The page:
The Tribune (NZ) - - CONVERSATIONS -

It is ob­vi­ous that the Gov­ern­ment is out of touch with work­ing peo­ple. Af­ter pass­ing the sec­ond read­ing of the Shop Trad­ing Hours Amend­ment Bill, a law hand­ing lo­cal author­i­ties the power to per­mit trad­ing on Easter Sun­day, the gov­ern­ment then blocked a pe­ti­tion be­fore Par­lia­ment that would pro­tect Easter Sun­day as a non-trad­ing day. New Zealan­ders are only guar­an­teed three and a half days off shop­ping each year. We should pro­tect that, not re­duce it.

I know a cou­ple, both of whom are re­tail work­ers, who barely ever see each other on week­ends be­cause they’re ros­tered on for work. But Easter Sun­day is one of the few days in the year where they can say to each other ‘let’s spend the week­end to­gether, let’s look af­ter our grand­chil­dren and let’s get out in the com­mu­nity’. But this Bill means they’re go­ing to lose that day off and Easter Sun­day will be­come just an­other work day.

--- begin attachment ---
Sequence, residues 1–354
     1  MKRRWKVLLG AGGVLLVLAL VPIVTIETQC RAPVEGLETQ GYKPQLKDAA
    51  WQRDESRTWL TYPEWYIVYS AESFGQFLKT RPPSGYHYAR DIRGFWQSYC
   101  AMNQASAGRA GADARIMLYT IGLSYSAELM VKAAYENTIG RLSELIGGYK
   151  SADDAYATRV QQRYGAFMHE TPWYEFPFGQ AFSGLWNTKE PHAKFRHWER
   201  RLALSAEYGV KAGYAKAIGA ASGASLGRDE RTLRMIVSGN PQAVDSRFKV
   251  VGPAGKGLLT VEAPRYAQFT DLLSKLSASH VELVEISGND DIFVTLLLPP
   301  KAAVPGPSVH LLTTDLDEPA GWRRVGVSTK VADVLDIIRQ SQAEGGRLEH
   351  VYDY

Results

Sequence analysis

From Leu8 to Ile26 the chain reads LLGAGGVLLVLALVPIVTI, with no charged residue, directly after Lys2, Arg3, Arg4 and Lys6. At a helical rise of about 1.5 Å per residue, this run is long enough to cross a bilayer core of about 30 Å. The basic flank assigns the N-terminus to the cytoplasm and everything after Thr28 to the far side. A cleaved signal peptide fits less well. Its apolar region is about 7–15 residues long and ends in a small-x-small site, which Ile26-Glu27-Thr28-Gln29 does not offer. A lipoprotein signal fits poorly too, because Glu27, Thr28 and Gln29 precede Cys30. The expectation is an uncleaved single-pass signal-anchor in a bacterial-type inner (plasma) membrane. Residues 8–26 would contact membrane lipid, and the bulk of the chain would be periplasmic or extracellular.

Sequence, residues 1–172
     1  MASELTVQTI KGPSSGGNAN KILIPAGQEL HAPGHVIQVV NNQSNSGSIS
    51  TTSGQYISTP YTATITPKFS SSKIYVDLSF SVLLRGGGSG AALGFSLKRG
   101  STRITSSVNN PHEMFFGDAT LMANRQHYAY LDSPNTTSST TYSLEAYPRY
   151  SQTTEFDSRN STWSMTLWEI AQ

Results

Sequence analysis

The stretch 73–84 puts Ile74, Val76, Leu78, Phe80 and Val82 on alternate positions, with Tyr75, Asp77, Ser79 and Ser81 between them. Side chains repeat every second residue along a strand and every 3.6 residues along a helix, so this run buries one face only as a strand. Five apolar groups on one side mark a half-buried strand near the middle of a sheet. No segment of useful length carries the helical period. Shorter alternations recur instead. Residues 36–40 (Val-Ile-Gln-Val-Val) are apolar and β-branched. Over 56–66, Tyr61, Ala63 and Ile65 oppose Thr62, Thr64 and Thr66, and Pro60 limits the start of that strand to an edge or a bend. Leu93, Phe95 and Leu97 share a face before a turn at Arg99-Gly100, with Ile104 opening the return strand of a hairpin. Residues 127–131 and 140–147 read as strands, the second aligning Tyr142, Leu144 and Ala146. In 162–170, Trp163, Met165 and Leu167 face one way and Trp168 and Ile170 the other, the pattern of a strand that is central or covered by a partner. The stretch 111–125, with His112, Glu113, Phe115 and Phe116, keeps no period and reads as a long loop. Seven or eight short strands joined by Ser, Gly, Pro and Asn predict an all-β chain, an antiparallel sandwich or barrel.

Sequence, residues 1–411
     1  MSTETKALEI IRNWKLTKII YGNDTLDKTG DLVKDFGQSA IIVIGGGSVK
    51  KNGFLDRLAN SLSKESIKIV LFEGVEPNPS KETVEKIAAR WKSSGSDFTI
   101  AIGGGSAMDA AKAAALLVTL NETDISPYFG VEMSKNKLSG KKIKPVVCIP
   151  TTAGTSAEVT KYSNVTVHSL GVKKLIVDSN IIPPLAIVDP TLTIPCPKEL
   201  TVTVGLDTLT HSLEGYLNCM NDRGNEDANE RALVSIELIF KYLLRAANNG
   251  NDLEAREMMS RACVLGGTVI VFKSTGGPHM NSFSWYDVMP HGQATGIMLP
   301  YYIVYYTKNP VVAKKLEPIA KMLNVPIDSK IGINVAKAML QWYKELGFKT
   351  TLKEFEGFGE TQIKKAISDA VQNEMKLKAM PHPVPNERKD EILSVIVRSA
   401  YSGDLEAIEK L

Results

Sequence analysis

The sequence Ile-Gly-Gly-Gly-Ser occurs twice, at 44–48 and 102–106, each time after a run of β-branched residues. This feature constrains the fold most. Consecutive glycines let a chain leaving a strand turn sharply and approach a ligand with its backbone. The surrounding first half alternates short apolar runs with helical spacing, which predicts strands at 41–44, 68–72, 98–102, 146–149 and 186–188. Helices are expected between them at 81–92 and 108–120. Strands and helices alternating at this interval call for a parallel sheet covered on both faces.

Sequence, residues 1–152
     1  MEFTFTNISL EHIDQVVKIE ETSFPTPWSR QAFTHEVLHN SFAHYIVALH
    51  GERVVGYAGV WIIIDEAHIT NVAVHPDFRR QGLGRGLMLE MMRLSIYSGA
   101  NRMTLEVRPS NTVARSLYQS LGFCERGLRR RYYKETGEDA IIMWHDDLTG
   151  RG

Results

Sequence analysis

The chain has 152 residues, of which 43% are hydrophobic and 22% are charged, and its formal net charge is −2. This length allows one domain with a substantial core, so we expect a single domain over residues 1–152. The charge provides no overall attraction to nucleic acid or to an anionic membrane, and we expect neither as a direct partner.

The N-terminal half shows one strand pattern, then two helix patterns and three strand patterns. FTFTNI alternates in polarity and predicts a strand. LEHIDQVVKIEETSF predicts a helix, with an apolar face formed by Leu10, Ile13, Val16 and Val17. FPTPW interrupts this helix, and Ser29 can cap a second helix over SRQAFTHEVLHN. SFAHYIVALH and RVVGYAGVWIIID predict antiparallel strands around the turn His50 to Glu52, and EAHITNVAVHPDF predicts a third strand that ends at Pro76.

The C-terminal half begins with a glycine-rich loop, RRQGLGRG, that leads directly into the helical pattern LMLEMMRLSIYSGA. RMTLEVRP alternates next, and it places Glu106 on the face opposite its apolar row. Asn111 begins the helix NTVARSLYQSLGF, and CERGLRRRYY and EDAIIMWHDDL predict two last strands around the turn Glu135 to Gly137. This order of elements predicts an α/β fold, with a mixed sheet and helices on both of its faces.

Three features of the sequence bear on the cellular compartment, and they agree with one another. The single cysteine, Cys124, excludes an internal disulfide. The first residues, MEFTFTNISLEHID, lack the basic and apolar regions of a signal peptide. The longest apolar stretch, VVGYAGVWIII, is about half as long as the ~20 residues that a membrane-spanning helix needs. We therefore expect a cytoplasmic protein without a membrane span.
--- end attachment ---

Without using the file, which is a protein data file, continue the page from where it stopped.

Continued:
Work­place Re­la­tions Min­is­ter Michael Wood­house is say­ing work­ing peo­ple can refuse to work on Easter Sun­day, but we know from bit­ter ex­pe­ri­ence that there are con­se­quences to say­ing no. Peo­ple might find their hours re­duced or those on a 90 day trial pe­riod might find them­selves out of the job on day 89. In­stead of a con­sis­tent law on Easter trad­ing we’re go­ing to have dif­fer­ent poli­cies across the coun­try. There’s no cer­tainty for work­ing peo­ple in that.

Dion Martin Palmer­ston North

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